Thousands of youngsters across Harborough are gearing up to go back into schools throughout the district

Schools such as Robert Smyth Academy and Welland Park Academy in Market Harborough have been working flat out putting measures in place to make them as Covid-safe as possible

Friday, 5th March 2021, 10:52 am
Updated Friday, 5th March 2021, 10:54 am

Thousands of youngsters across Harborough are gearing up to go back into schools throughout the district on Monday (March 8).

Schools such as Robert Smyth Academy and Welland Park Academy in Market Harborough have been working flat out putting measures in place to make them as Covid-safe as possible.

The concerted coronavirus crackdown includes deep cleaning, carefully-planned seating arrangements, updated guidance and imposing social distancing.

Dan Cleary, the head of Robert Smyth Academy on Burnmill Road, Market Harborough, said it will be “brilliant” to get all of his students back into class on Monday.

Pupils, parents and carers are also being urged to do all they can to help cut the spread of infection when the school doors reopen after being shut to the majority of children since the start of January.

Cllr Deborah Taylor, lead member for children and families at Leicestershire County Council, said: “We’d firstly like to say a huge thank you to our children, young people and their families, as well as all our school staff, for bearing with us and continuing to learn and teach during these unusual, and often challenging, times.

“We know many of our pupils are looking forward to learning in school again and finally seeing their friends and teachers in person.”

But she stressed: “However, now schools are opening their doors fully again, it’s vitally important we all play our part to help reduce cases and stop the spread of coronavirus.

“There are simple things that can be done.

“Following the guidelines set out by your school and ensuring your children are practising good hand hygiene can all help.

“We are also asking families to consider walking, cycling or scooting to school to stay healthy and help maintain social distancing.”

Children in secondary schools will be offered a lateral flow test before they return.

And they will have a total of three tests in school before moving to home-testing in a bid to keep schools free of Covid-19.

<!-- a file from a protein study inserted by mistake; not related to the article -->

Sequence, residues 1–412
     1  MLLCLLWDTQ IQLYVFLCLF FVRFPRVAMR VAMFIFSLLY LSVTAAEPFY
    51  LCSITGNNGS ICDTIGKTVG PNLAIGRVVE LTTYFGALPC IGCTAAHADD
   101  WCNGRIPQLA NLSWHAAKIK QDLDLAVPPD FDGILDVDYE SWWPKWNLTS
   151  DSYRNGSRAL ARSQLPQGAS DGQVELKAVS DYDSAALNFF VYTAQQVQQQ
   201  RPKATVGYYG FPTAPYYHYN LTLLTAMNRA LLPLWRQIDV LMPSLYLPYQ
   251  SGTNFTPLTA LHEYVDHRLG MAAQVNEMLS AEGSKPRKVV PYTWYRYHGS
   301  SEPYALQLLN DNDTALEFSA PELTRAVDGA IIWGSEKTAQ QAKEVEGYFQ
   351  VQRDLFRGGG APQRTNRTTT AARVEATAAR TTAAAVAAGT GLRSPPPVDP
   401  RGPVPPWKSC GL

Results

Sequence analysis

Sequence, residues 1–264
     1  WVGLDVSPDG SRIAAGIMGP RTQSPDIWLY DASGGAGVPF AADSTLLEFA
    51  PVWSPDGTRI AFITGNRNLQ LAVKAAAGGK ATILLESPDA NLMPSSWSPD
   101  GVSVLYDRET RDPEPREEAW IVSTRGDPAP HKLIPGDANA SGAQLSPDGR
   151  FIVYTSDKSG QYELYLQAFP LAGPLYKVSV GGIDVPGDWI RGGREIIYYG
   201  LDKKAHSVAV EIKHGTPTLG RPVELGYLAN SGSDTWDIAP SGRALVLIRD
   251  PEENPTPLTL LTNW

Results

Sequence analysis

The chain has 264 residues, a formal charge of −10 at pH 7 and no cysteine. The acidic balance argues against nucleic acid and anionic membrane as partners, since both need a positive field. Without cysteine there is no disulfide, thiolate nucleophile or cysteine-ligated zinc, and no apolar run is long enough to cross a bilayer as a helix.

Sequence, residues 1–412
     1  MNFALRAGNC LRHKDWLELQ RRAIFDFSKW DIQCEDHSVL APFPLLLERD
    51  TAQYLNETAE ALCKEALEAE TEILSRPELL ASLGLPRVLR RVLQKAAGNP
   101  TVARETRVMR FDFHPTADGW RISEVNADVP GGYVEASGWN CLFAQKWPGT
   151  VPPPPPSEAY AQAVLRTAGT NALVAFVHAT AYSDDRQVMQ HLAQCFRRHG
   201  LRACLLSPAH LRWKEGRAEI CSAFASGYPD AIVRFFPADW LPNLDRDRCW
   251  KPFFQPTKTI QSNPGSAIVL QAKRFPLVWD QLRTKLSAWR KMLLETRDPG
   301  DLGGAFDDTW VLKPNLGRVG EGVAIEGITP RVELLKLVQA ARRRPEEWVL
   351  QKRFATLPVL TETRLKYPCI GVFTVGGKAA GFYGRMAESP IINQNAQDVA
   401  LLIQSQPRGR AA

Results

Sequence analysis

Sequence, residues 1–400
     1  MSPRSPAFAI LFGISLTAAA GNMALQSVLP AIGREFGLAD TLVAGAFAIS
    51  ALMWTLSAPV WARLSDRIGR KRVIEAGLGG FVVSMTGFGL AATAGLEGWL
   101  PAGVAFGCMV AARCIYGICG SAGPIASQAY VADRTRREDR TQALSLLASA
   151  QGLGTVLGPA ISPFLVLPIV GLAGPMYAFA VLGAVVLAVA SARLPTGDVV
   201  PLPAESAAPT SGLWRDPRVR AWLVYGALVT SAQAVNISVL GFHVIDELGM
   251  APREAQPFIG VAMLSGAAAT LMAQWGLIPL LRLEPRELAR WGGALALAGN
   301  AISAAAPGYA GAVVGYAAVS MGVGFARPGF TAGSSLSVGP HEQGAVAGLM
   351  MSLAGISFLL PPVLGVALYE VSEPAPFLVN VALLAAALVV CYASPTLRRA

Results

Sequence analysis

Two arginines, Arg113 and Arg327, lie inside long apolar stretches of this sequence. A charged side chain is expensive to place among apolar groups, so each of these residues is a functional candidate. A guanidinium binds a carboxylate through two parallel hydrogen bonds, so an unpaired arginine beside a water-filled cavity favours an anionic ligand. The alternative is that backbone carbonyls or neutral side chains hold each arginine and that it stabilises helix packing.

School staff in both primary and secondary schools will continue to take tests twice a week to ensure they are infection free before coming into contact with pupils.

There are also plans to roll-out regular home testing for families of school-aged children.

You can get more information here: https://www.gov.uk/government/news/all-households-with-children-of-school-aged-to-get-rapid-covid-19-tests-per-person-per-week

“Please do look out for specific information from your child’s school with regards to start times, pick-up and drop-off guidance etc, and do speak to your school if you have any concerns,” said the county council.

More general information about returning to school in Leicestershire is available here: https://www.leicestershire.gov.uk/educating-childrenYou can access hints, tips and resources about managing worries and anxiety, structured routines and keeping fit and healthy at: https://www.leicestershire.gov.uk/wellbeing-at-schoolMore information on sustainable ways to travel to school is available on www.choosehowyoumove.co.uk/covid-19-back-to-school/Dan Cleary, the head of Robert Smyth Academy on Burnmill Road, Market Harborough, said it will be “brilliant” to get all of his students back into class on Monday.

“Kids need to be back at school.

“They need to be back socialising and seeing their mates day in day out,” Dan, who has about 1,000 youngsters aged from 11-18, told the Harborough Mail when the return to school was announced.

“It’s so important for the kids’ futures that they are back in the classroom being taught face-to-face.

“It’s absolutely critical.

“We have all missed a lot of things during national Covid lockdowns over the last year or so.

“Children returning to school is an absolute essential – it’s critical,” said Dan, who has been teaching the children of key workers as well as vulnerable youngsters.

“I’ve got children myself and they have to go back to school, they can’t wait.

“It’s a big part of the social contract in this country that we do our very best for our future generations.

“We need to give our students a solid platform to build on and to do well.

“This is all about educational opportunity and development.

“That’s what we have schools for – to give our children the best possible chance in life.”